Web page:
“It’s like matcha, but it’s not matcha.”
When you travel in South America, you can’t escape getting a healthy taste of yerba mate. Before the European colonization, mate was originally cultivated by the indigenous people of Guarani and Tupi communities from southern Brazil. Supermodel Gisele Bündchen has her own yerba mate recipe, which she advises not to drink before going to bed.
Today, yerba mate can be found in different energy drinks in supermakets or as canned iced tea. Yerba mate actually means “mate herb”, and it starts as a shrub then grows into a tree with evergreen leaves that contain caffeine. Each tree can grow up to 49 feet tall, 2 inches wide. The yerba mate leaves are small, greenish-white with four petals. It even has a red drupe fruit. The plant is commonly grown in South America, mostly in Argentina, Paraguay, Uruguay, and Brazil.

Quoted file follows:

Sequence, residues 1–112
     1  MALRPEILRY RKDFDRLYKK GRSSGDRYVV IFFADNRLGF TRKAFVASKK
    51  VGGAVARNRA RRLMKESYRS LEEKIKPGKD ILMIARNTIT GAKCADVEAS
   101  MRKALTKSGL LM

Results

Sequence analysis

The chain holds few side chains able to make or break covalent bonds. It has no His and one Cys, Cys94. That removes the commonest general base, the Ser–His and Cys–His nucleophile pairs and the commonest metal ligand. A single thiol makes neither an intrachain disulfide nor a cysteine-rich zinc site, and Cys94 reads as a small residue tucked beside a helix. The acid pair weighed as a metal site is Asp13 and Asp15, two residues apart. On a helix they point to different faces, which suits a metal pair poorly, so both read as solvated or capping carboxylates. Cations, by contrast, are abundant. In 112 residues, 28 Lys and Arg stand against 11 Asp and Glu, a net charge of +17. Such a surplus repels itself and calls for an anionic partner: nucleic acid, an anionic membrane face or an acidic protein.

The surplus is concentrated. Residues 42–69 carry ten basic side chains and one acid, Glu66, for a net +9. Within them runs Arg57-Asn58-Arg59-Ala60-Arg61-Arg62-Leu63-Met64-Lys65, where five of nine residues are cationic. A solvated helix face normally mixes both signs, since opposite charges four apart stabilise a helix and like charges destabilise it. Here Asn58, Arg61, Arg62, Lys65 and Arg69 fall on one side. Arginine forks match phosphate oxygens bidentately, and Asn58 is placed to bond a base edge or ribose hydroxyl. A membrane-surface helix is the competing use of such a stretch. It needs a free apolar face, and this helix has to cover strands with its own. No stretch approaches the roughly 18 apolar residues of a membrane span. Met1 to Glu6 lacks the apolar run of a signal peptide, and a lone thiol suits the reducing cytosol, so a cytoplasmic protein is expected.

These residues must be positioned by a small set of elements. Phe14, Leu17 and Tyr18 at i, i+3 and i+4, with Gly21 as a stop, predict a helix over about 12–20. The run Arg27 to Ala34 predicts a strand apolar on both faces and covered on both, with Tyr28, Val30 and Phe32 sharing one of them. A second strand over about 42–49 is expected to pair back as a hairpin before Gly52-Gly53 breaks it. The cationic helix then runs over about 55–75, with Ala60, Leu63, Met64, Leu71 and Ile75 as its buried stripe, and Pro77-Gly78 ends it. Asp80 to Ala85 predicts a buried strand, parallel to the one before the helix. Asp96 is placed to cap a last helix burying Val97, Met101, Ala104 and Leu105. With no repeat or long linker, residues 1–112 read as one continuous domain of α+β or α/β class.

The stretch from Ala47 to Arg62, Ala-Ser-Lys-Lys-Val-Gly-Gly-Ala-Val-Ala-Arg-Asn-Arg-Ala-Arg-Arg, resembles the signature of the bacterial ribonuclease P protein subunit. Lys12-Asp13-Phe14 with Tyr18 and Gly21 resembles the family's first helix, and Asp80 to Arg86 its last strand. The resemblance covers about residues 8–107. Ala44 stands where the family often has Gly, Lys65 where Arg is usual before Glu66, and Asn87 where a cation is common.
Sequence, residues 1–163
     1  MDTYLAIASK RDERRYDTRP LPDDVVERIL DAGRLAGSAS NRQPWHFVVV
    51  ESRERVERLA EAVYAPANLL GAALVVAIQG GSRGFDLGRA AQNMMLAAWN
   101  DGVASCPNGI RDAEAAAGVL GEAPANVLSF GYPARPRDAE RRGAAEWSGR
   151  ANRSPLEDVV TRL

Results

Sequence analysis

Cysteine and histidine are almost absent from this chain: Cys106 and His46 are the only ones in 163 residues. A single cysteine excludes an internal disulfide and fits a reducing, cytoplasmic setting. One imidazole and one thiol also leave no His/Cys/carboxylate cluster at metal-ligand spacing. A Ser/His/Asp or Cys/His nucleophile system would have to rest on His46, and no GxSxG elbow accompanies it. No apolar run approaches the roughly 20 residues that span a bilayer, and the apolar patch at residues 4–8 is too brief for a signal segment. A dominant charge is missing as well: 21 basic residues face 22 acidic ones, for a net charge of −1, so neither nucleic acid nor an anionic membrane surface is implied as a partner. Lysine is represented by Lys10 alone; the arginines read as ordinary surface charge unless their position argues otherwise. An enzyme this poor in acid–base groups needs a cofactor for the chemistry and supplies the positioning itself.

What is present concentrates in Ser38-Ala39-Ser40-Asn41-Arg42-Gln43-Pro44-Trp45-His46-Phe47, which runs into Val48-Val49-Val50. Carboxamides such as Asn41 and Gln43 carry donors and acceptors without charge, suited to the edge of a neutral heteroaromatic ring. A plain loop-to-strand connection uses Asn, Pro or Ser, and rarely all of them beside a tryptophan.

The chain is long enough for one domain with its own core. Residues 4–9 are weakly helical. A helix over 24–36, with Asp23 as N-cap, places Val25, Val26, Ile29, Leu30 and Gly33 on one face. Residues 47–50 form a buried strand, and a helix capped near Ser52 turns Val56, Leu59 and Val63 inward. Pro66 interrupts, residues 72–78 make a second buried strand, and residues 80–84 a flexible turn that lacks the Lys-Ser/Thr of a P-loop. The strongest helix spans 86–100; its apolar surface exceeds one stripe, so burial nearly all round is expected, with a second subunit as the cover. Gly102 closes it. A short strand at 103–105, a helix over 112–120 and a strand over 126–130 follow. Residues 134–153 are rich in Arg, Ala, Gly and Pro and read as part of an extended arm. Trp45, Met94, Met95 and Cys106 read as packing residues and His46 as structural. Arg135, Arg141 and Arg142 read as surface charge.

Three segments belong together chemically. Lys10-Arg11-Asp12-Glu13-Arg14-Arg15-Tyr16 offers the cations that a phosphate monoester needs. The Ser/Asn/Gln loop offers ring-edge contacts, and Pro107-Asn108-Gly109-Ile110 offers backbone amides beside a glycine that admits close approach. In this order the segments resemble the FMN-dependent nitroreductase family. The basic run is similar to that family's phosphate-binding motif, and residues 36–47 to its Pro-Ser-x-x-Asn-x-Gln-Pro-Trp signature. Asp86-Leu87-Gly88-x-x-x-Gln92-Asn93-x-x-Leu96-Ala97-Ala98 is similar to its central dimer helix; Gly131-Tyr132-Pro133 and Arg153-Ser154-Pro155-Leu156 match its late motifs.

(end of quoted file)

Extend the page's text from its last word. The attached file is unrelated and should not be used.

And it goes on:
The Brazilian infusion is prepared by filling up a gourd up to 3/4 full with dry leaves of the mate plant. Then filling it up with hot but non-boiling water. Sugar is optional. Like Gisele says, it’s like matcha, but it’s not matcha.
In South America, drinking mate with friends is a social practice. Just take a few sips then pass it between friends. In certain countries, you can also see people walking on the streets carrying mate flask in their hands.
Try out Gisele’s recipe at home, or make sure to sip on a few the next time you travel to South America!
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